Originally written on NESN.com  |  Last updated 10/29/12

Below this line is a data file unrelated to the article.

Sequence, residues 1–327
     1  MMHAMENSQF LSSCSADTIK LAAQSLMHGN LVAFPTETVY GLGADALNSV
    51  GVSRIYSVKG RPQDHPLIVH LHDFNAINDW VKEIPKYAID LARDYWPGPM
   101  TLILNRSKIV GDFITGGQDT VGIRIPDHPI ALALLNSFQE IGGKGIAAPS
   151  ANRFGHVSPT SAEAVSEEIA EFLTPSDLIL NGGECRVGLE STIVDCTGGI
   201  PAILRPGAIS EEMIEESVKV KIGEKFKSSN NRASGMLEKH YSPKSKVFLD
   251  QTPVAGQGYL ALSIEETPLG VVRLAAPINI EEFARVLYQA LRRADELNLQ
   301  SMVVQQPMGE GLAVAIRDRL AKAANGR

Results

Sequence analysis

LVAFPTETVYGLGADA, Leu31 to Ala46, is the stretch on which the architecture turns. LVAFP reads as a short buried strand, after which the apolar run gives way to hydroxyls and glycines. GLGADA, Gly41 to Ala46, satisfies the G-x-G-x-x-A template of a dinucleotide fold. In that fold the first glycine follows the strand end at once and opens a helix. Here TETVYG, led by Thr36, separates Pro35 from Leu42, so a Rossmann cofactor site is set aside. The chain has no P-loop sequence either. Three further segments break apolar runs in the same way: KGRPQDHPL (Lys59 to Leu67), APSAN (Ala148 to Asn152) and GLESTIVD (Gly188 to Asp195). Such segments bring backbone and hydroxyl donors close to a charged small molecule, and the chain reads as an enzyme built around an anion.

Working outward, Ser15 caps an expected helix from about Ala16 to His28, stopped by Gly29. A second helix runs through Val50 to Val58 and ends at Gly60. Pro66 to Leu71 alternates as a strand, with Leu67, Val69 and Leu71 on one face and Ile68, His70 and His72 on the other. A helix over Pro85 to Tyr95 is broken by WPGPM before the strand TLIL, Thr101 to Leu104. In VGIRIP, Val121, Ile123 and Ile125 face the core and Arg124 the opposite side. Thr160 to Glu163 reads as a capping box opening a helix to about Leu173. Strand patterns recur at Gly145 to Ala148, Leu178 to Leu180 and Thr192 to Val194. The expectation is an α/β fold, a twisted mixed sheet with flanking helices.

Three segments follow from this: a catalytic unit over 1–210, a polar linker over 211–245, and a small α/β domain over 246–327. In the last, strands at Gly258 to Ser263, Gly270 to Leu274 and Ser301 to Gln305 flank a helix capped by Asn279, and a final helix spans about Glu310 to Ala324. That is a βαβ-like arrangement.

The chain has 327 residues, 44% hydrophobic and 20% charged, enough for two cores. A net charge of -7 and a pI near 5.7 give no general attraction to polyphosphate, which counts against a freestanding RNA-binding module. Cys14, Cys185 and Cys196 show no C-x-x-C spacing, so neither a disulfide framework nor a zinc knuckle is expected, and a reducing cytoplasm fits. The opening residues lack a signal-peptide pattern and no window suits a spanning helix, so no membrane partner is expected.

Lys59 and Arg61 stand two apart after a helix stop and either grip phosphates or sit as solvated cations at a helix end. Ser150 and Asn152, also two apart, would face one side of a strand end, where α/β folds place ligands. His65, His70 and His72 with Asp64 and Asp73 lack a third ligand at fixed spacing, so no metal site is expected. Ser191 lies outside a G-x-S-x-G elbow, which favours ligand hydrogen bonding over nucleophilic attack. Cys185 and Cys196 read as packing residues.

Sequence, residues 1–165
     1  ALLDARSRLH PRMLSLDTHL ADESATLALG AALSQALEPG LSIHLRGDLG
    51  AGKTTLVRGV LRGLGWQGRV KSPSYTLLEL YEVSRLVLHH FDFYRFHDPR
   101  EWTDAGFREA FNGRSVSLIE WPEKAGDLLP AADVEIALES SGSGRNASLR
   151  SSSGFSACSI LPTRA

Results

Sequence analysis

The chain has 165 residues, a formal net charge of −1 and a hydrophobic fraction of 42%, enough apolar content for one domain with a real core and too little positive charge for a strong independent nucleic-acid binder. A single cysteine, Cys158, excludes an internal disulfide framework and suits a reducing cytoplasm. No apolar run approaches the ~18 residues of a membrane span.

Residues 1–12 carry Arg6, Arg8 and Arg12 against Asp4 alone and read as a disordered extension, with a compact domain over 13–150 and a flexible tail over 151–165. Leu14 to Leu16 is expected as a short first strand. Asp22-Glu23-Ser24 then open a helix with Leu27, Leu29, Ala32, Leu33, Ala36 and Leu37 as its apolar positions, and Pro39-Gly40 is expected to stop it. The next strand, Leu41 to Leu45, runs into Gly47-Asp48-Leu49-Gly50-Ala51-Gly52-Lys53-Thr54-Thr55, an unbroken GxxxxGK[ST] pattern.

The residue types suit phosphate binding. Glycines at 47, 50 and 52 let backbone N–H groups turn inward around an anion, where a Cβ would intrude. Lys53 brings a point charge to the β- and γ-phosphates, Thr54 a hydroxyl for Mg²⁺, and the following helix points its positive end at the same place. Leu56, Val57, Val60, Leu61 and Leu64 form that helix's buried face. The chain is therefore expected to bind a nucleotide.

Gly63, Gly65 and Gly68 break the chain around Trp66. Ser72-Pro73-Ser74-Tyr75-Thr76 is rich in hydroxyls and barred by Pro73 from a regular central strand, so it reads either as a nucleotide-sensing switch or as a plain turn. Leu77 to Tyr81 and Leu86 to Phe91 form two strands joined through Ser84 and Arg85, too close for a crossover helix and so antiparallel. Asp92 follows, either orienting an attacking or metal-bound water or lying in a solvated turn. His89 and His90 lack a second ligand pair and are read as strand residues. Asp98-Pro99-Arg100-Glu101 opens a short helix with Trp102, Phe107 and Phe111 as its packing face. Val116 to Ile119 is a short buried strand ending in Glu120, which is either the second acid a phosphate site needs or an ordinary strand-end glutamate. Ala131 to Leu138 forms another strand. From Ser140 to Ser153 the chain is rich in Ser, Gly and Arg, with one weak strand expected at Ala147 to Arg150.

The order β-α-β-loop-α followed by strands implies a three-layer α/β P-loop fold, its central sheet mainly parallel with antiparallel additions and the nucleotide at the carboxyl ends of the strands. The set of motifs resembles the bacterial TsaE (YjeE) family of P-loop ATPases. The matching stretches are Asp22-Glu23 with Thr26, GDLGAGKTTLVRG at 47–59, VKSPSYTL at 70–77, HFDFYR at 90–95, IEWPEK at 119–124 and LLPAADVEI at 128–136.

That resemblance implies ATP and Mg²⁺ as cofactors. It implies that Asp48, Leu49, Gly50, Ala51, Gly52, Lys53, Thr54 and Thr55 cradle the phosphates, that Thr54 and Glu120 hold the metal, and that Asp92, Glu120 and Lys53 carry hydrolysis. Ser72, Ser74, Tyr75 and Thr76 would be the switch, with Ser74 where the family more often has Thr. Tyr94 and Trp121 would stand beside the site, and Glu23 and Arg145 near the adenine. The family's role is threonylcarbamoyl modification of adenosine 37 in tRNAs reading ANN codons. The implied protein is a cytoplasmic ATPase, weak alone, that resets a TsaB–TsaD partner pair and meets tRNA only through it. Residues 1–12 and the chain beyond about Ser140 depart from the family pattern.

Houston is a really big place. Perhaps sports fans already knew that, but it would be understandable if they had forgotten. The Astros stink. The Texans were mostly irrelevant until a year ago. The Rockets are on a three-year playoff drought. Even Case Keenum finally graduated from UH. At times like this, struggling sports cities often get saddled with the "small-market" moniker, regardless of their actual population. Miami was labeled a "small market" until LeBron James and Chris Bosh's arrivals magically transformed the city into a "big market" in the minds of fans. The Golden State Warriors play in the U.S.'s sixth-largest media market but are generally considered small-market fodder, owing to their .365 win percentage over the last four years. So it made sense that when news of the James Harden trade came down this weekend, the bulk of the analysis focused on the Oklahoma City Thunder. The Thunder's tumble from Western Conference favorite to a mere contender was shocking and, in the immediate future, raised the most questions about not just this year's West race but also the continuing economic realities for true small-market franchises, even under the new collective bargaining agreement. The impact on the Rockets may be less obvious -- and less intriguing -- right now. Instead of being lottery-bound, they should be in playoff contention, if only to be first-round sacrificial lambs to the likes of the Thunder, Lakers or Spurs. Still, the Rockets concluded an active offseason in which they not only made themselves better, they avoided the payroll constraints that typically accompany such moves. Houston, remember, is really big. The greater Houston area represents the 10th-largest media market in the U.S., with more than two million in the city proper, making it the fourth-largest city in the country. Of those two million, a considerable number are basketball fans thanks to the Rockets' glory days in the 1980s and '90s, as well as the Cougars' Phi Slamma Jamma days from '82-84. Harden is not coming to some rinky-dink operation that could have served as the setting for Deliverance. The Rockets have not been good, but they have an analytical front office that is ahead of its time and an ownership that has not been reluctant about paying large (but fair) salaries on the likes of Yao Ming and Tracy McGrady. Were the Thunder not run so expertly themselves, Houston would have a far brighter long-term forecast than Oklahoma City. The Rockets therefore are decidedly "big-market" with $150 million in revenue and almost $18 million in operating income in 2012, according to Forbes, and they planned to lock up Harden to a maximum contract extension of either four or five years by early evening on Monday. They are able to do so because general manager Daryl Morey revamped the roster in the offseason, adding Jeremy Lin and Omer Asik to deals that could turn out to be highly team-friendly if both players continue to blossom. The Rockets might not be done adding players, either, as they are still well below the luxury tax line and are on target to remain so for at least the next three years. Keep in mind, that the Rockets hotly pursued Dwight Howard and the ample salary that would have come with him -- they are not intent on keeping down costs simply for the sake of saving money. From a basketball standpoint, the Rockets could not have found a more perfect player for their needs. Kevin McHale runs an uptempo system that is ideal for Lin, who figures to get a similar statistical bump to the ones Kyle Lowry and Goran Dragic enjoyed in Houston. The problem offensively would have come in the halfcourt, but now the Rockets will be in the capable pick-and-roll hands of Harden. With Harden assuming the ballhandling duties, Lin should get more open looks and Chandler Parsons should be good for two or three dunks a game. When Harden is on the court with rookie Royce White, the Rockets could have one of the niftiest non-point guard passing tandems in the NBA. Asik is not the shot-blocker Serge Ibaka is or the bruiser Kendrick Perkins is, but he will help protect Harden on defense if he can stay out of foul trouble. The Thunder took a very real step back in the short term by dealing Harden -- even though, from a financial standpoint, the move made sense -- but the Rockets managed to improve both now and for the foreseeable future, and they now have a true star to build around. Have a question for Ben Watanabe? Send it to him via Twitter at @BenjeeBallgame or send it here.
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